Editor's note: Originally published June 14, 2016. Formatting updated November 10, 2022.
As a dentist, you seek cavities, tooth infections, and gum disease. You are taught to listen to a patient’s chief complaint, but when you’re investigating the problem, are you looking in the right place?
Your first thought when you see tooth wear may be to treat with an occlusal guard. Your first thought for sensitivity is receding gums, exposed dentin, or maybe cavities. In these and other examples, your initial reaction may quickly lead you to fix the initial concern, but is this truly best for the patient in the long term? You may be missing the most important aspect of their chief complaint—their bite!
An occlusion problem is a risk factor that causes a great number of underlying issues. I am going to share two clinical cases that prove for these patients (and others like them) that occlusion is everything.
Case Study No. 1
A 40-year-old female entered my practice for a TMJ consultation with a chief complaint of jaw pain/ache in her right jaw. She was experiencing multiple severe migraines a week. She had a history of wisdom teeth extractions, a root canal on tooth no. 2, and two new crowns since the root canal was completed. The patient was also receiving monthly steroid TMJ injections. She could only open a maximum of 26 mm.
Checking the occlusion was the first step. This revealed the patient had an end-to-end bite on the right side, slight class 2. The patient’s initial bite only occluded on the right side, but then she would slide her teeth forward and to the left to create contact on her left side.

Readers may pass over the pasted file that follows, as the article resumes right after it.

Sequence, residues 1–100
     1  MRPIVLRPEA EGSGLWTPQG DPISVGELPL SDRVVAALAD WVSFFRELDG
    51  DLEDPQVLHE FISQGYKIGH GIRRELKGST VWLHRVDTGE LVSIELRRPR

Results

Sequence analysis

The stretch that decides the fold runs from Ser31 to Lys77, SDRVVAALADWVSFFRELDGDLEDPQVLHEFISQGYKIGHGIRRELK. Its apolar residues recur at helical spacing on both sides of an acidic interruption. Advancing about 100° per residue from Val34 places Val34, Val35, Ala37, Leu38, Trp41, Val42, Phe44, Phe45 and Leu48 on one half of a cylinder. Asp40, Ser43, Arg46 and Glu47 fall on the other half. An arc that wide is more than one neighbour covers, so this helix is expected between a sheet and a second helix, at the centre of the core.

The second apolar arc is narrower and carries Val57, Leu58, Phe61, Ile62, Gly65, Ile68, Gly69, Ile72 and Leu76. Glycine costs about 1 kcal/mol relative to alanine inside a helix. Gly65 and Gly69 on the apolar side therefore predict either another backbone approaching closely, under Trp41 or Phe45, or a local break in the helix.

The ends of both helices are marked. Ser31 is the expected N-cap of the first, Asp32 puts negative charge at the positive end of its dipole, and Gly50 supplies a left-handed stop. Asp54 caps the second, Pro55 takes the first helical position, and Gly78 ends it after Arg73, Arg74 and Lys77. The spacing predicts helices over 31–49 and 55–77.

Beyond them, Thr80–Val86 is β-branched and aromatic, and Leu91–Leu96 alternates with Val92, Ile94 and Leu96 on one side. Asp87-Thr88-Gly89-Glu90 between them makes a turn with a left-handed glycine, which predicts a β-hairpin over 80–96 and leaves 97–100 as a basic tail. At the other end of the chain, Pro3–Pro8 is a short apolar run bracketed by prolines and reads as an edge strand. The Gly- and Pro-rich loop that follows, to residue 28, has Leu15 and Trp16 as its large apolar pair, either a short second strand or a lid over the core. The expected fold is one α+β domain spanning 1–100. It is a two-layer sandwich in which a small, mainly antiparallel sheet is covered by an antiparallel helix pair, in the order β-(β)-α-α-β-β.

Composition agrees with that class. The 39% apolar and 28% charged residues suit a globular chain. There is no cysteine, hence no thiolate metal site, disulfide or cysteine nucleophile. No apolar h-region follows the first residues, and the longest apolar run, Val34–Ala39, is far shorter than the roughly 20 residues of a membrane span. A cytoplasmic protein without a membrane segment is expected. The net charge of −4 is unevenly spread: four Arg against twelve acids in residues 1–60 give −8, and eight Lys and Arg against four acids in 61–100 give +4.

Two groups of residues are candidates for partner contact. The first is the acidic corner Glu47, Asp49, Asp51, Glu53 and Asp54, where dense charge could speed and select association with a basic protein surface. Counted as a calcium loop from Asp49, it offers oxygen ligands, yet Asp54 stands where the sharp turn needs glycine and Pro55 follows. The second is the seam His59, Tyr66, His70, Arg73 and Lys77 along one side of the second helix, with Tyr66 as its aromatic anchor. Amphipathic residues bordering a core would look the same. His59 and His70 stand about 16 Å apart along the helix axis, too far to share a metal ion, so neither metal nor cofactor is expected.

Previous dentists missed the underlying issue. They recommended wisdom teeth extraction and root canals. Her last dentist told her it was the PFM that was causing the problem, so she opted for a full porcelain crown.
We completed a CBCT image of her condyles. The patient completed comprehensive Invisalign treatment to correct the class 2 occlusion on the left side. After the first six months of Invisalign treatment, the patient can now open a maximum of 46 mm. She does not experience migraine headaches and does not get steroid injections anymore. The patient is very happy and healthy again. It was all in the bite!
Case Study No. 2
A 40-year-old female entered my practice with no chief complaint. She flossed daily and had great oral hygiene. She casually mentioned that she had sensitivity on two teeth in the front (maxillary canines), and she had always had sensitivity. She had been told by all previous dentists that she brushed too hard and there was nothing she could do about her sensitivity.
My first thought was to check the occlusion. The patient had no history of orthodontics. She had beautiful, straight, aligned teeth with great interproximal contacts and class 1 occlusion. After checking the occlusion, she was only occluding on her canines, which were the teeth causing sensitivity.
I discussed my findings with the patient and explained treatment options of comprehensive orthodontics or an occlusal equilibration. I explained to the patient that she could not be brushing two teeth harder than the rest of her teeth to cause sensitivity.
Occlusal equilibration was completed on this patient, and it was a complete success. Follow-up appointments assured proper occlusion. The patient was freed of sensitivity, and she told me how happy she was and how it had changed her life. It is all in the bite!
Changing the thought process on how you see patients and their teeth will make you a better clinician—not just a dentist. Checking your patients' bites and fixing the underlying issues will guarantee your patients visit you for life.
Next time a patient comes in your office with sensitivity or abfraction lesions or tooth wear, don't do the patient a disservice of completing class V composite lesions or giving them a night guard. Look at the patients comprehensively and look at their occlusion.